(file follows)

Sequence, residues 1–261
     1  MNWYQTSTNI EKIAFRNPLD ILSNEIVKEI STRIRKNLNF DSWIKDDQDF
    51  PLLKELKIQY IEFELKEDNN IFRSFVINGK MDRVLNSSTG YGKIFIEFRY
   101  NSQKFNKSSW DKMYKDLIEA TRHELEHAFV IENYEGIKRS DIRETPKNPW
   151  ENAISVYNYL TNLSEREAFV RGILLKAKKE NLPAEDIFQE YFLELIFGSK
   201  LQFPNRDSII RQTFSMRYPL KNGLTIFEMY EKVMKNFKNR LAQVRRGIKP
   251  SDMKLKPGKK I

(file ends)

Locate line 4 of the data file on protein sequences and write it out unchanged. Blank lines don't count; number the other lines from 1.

   101  NSQKFNKSSW DKMYKDLIEA TRHELEHAFV IENYEGIKRS DIRETPKNPW